The sexism of this society has meant that the care-givers, particularly women of color, have borne the brint of dealing with the crisis. The shelter-in-place necessitated by the pandemic has resulted in a sharp noticeable increase in cases of domestic abuse of spouses and children. The increase in repressive police violence that has accompanied the pandemic, and provoked a massive response of solidarity and resistance, also reflects institutionalized racism and sexism within law enforcement. Nurses, obviously not exclusively women, have been in the forefront of facing down the astro-turf “re-open now” protesters demanding the “freedom” not to wear masks. They have also led struggles for adequate Personal Protective Equipment for medical care-givers.
The profound lack of social services have meant that going forward the lack of capacity for high-quality childcare places inordinate burdens on women in this society. This has been made manifest to everyone as people are sheltering in place with schools closed, massive unemployment, and people who have kept their jobs attempting to work from home while caring simultaneously for children and elders.
I Volunteered For The Covid-19 Vaccine Trial To Fight Medical Sexism
Louisa*, 34, is one of thousands of volunteers taking part in Covid-19 vaccine trials across the UK. We spoke to her about the process so far and her motivations for taking part.
BY KATIE O’MALLEY 06/19/2020
‘I don’t think I’m brave,’ Louisa* says, matter-of-factly. ‘Bravery is the overcoming of fear – I don’t feel scared.’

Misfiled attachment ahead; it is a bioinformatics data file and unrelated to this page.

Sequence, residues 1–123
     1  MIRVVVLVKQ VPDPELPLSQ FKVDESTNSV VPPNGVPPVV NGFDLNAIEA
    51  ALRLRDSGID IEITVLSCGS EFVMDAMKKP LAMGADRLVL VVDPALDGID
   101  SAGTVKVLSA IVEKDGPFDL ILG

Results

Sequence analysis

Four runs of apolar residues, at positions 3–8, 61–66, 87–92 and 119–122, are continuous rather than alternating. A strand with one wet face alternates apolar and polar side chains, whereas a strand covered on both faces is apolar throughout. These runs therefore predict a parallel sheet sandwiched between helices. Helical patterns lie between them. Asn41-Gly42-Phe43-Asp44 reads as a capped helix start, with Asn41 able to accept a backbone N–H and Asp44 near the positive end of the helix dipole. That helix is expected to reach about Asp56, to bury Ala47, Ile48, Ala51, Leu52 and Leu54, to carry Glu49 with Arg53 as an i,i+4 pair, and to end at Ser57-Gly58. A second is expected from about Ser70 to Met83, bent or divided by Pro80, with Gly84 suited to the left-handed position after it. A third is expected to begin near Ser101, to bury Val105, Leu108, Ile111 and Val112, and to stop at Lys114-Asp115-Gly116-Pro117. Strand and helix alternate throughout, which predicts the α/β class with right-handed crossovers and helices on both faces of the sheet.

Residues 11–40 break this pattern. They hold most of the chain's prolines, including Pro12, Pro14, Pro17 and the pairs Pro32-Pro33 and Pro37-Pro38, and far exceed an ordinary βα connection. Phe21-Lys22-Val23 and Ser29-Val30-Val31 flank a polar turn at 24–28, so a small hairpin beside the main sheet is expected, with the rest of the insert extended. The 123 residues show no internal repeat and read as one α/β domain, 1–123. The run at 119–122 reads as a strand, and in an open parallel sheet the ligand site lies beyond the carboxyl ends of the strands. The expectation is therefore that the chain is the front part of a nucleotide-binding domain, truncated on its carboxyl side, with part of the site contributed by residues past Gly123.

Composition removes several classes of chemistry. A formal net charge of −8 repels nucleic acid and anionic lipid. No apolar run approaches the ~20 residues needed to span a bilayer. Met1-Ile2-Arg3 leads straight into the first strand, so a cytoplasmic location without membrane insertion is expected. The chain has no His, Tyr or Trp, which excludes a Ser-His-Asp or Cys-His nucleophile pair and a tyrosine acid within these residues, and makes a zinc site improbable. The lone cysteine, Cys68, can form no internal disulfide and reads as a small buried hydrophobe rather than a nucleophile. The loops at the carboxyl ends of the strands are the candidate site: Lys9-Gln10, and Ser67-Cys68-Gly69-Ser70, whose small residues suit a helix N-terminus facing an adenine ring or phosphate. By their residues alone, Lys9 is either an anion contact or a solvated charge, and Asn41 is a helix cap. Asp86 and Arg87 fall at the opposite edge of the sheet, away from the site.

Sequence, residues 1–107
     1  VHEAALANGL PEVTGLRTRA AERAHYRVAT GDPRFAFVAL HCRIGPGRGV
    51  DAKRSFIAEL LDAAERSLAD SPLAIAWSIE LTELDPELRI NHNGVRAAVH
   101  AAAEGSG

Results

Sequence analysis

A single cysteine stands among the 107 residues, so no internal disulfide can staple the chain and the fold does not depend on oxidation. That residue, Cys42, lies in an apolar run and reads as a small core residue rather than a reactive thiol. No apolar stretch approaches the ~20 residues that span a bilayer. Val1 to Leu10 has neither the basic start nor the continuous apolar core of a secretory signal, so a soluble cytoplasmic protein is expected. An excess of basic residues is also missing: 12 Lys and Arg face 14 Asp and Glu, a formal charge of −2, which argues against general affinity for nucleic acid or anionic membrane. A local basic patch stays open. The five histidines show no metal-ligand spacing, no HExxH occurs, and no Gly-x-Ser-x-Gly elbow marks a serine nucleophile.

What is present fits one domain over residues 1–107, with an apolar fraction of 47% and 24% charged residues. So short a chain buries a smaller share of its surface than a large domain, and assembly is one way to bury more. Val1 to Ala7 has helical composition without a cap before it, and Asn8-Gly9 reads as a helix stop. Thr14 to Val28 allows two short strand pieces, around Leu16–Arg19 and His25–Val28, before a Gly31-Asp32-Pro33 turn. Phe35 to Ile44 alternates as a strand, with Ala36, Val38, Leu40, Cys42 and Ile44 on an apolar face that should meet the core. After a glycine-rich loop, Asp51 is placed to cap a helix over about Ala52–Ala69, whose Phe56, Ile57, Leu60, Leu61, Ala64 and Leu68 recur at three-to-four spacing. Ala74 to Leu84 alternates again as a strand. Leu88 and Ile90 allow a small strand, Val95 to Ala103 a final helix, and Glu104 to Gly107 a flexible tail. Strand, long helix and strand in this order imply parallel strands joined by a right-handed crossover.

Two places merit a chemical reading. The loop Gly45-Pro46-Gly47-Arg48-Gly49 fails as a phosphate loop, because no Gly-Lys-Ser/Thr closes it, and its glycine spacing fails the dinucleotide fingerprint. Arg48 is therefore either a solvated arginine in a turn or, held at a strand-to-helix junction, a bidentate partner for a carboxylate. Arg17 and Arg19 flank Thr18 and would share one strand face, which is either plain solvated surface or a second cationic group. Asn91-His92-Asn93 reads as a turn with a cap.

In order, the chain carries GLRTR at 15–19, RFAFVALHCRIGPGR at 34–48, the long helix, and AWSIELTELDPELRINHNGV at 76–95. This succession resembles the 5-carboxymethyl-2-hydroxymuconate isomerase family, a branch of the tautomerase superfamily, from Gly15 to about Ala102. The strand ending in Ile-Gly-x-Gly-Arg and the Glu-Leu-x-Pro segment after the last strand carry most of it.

The 34-year-old is used to her body being tested on. As a baby, she was one of the first in Leicestershire to take part in a heart monitor trial after her parents lost a baby to cot death. Now she’s one of thousands of volunteers taking part in the Oxford University trial to find a vaccine that could put an end to the coronavirus pandemic.
* Not her real name
When Women Medical Workers Can Get PPE, They Find It’s Designed for Men
NHS professional bodies, experts and trade unions have warned that female healthcare workers’ lives are being put at risk because personal protective equipment is designed for men. As one frontline NHS worker put it: “PPE is designed for a 6 foot 3 inch bloke built like a rugby player.”
Dr Helen Fidler, the deputy chair of the British Medical Association (BMA) UK consultants committee, said: “Women’s lives are absolutely being put at risk because of ill-fitting PPE. We know that properly fitted PPE works, but masks are designed for a male template, with the irony being that 75% of workers in the NHS are female.”
Caroline Criado-Perez, whose book Invisible Women addresses the issue of ill-fitting PPE for women in one of its chapters, said she has been inundated with messages from healthcare workers who could not find protective equipment to fit them.
“Respiratory protective equipment is designed for a male face, and if it doesn’t fit it won’t protect,” she said. “Because of a dearth of sex disaggregated data we don’t know how many women are affected, but I am hearing on a daily basis from women in the NHS who say they can’t get their masks to fit.”